Even less driven in terms of business growth was George Copeland, a fiscal neophyte who was dismayed to find himself in Kansas after a big-company reshuffling. So he returned to the East Coast to become the master of his own fate. Since 40% of the 1996 Inc. 500 founders started their own businesses for just that reason, his would be a typical tale--except that Copeland had no idea what endeavor he'd boss himself around in. By chance, an acquaintance in a printing company offered him a year's use of 500 square feet "to do something" in. Copeland founded digital printer Atlantic Documentation Centers (#350) in 1990 in Durham, N.C. Today he's the master of more than 20,000 square feet of his own.

You Won't Grow Without Business Know-How

Of the 175 unintentional growers surveyed, a whopping 32 explained that they originally hadn't hoped for much because of a lack of "business know-how." By accepted standards, an entrepreneur is someone who both understands basic enterprise and enthusiastically pursues it.

Neither of those criteria applied to Michael Ansara, who reluctantly "inherited" Share Group (#433), in West Somerville, Mass., in 1988. A career political activist with no business experience, Ansara became the proud owner of the failing telemarketing-services provider when its founders defaulted on the $600,000 loan he had guaranteed two years before. "I was not planning to be in business," he says, "and if I had been planning, telemarketing is not what I would have chosen." Share Group's revenues for 1997 will be about $25 million, up from $9.5 million in 1995.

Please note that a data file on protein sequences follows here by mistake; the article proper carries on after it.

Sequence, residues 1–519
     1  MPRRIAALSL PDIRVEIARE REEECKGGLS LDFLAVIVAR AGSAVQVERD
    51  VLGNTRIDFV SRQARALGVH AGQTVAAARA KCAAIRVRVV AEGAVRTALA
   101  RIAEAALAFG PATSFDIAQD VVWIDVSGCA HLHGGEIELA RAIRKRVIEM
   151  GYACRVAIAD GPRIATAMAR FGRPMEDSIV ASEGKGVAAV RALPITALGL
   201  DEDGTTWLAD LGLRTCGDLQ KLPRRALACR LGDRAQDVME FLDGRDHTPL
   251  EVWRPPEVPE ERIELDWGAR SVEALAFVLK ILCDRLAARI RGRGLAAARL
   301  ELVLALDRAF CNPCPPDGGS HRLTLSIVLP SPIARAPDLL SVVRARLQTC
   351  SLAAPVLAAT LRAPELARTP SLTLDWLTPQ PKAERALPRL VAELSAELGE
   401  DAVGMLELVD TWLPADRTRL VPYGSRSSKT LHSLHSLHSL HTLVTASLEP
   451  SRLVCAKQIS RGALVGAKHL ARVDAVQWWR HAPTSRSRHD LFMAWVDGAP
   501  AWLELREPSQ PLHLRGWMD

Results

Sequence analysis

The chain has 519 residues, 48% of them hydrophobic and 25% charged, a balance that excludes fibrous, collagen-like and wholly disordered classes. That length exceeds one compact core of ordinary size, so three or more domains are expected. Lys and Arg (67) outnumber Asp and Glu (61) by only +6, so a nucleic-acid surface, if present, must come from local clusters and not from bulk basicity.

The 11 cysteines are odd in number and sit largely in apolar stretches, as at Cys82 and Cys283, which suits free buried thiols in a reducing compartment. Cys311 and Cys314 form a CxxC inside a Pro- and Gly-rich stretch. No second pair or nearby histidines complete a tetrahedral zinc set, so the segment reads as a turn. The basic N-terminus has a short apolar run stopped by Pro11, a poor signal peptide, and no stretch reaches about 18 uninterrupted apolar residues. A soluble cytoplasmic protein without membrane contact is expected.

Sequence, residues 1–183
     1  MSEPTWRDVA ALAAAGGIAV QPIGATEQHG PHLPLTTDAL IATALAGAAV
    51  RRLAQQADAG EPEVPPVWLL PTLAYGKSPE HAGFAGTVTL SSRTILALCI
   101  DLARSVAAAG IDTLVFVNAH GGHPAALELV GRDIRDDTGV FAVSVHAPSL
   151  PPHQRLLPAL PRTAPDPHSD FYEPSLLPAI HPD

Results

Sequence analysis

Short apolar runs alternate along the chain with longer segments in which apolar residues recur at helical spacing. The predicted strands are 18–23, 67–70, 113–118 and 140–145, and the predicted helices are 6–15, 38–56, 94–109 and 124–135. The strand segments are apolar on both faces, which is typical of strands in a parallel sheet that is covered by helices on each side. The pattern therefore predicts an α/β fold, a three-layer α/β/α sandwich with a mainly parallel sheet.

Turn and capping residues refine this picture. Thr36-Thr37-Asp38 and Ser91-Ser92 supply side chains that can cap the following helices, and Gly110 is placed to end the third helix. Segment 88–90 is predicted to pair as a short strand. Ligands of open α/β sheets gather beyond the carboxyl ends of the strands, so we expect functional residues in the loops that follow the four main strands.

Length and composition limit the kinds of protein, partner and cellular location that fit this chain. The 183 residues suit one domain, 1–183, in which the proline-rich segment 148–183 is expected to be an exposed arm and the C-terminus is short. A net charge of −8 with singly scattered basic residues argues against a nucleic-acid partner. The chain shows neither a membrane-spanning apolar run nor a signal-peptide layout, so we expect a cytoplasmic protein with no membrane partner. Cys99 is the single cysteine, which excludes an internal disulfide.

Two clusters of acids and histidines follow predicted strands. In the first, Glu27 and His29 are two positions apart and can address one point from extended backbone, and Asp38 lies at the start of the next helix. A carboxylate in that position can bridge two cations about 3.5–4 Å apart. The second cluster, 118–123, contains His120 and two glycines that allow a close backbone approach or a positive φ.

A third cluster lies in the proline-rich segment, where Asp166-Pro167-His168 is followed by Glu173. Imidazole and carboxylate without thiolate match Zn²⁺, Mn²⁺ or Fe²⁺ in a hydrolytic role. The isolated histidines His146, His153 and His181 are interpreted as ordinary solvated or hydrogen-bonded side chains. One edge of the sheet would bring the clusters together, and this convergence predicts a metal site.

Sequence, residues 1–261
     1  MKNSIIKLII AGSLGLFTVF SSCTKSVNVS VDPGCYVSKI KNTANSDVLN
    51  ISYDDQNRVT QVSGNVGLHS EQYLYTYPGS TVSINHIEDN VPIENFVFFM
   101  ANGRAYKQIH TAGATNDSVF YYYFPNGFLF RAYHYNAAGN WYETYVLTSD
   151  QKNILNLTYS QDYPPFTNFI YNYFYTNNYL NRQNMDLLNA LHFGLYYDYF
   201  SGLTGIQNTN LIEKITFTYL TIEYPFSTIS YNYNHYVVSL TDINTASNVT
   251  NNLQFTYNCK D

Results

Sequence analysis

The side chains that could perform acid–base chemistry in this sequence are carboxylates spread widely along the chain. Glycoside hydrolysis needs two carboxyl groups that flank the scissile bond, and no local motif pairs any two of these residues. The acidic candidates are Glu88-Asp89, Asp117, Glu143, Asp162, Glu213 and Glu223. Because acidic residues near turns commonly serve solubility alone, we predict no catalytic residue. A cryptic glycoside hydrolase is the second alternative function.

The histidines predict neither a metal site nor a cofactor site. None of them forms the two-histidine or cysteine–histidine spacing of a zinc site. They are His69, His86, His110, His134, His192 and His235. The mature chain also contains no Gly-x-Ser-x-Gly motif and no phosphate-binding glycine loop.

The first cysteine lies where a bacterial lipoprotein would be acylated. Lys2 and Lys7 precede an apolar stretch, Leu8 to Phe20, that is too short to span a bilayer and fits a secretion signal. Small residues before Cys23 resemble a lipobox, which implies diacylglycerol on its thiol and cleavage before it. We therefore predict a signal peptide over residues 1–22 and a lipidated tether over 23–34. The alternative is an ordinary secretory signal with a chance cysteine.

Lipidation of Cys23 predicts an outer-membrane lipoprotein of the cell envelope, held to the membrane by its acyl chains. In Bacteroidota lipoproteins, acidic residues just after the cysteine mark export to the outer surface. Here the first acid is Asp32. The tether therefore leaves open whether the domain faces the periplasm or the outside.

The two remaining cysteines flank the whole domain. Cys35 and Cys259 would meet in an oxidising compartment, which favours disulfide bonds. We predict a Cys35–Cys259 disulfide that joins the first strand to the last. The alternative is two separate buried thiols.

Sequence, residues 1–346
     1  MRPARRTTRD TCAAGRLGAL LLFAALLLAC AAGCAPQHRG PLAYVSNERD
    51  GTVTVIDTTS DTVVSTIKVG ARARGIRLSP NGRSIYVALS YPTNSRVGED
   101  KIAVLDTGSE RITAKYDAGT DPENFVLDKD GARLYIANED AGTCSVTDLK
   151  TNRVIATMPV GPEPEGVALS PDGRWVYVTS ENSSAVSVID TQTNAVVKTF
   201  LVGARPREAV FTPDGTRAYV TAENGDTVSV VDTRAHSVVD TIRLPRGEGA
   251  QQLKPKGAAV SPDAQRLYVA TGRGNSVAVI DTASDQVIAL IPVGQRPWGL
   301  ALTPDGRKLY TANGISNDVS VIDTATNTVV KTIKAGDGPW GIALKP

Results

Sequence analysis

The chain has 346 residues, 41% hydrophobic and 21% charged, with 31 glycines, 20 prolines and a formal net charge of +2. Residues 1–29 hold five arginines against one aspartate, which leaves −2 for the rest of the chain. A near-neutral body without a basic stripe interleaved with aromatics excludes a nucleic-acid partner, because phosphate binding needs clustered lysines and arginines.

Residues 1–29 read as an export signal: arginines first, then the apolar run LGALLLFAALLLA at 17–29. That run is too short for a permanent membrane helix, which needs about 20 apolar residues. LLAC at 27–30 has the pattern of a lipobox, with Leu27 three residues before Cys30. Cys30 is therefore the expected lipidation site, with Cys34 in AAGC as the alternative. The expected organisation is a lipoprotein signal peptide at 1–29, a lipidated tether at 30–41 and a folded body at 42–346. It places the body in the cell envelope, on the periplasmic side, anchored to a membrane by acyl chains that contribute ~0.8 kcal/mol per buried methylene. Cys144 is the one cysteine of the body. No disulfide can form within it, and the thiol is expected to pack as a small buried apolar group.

Another accidental entrepreneur is Telegroup's Gratzon, who, down and out after losing his job in 1989, parlayed a way to make a toll call on the cheap into one of the largest long-distance telephone companies in the world. Telegroup (#151 in 1996, #2 in 1995), in Fairfield, Iowa, boasts 440 employees and $210 million in 1996 revenues, but it might never have existed if Gratzon hadn't first--as a way of reducing his own telephone bills--tapped into package deals offered by AT&T.

If You're a Growth Company, You Know It

If you don't realize you're a fast grower, how can you be ready to meet growth's rigorous demands? Exactly 50% of the founders had the answer, although they didn't know it: they just kept their nose to the grindstone and growth took care of itself. "There was so much effort focused on what was yet to be done that we never reached a time when we stopped and realized we were no longer in the 'just survive' category," says Martin Babinec, who founded TriNet Employer Group (#79 in 1996, #12 in 1995), in San Leandro, Calif., in 1988. "Those first years were a fight for survival. We were so woefully undercapitalized that keeping the business afloat was the only objective. My focus was not about dreaming of getting big or strategizing how to stay small. I only wanted to make enough to pay the bills and remain in business." In 1996 TriNet grossed $120 million.

Others endorse that attitude. "I figured that since I was busy, business must be good. It never occurred to me until we made the Inc. 500 precisely how busy we were," says one preoccupied founder. Recalls another: "We'd always compare ourselves to our competitors on the product side but not on the company side. We never asked, 'Are we growing at the same rate as somebody else?' or 'Do we have as many people as somebody else?" Notes a third: "We didn't start out saying, 'We want to grow by leaps and bounds.' Things happened so fast that we didn't realize that other people perceived us as a fast grower. We were more concerned with taking care of business than with people's perception of us."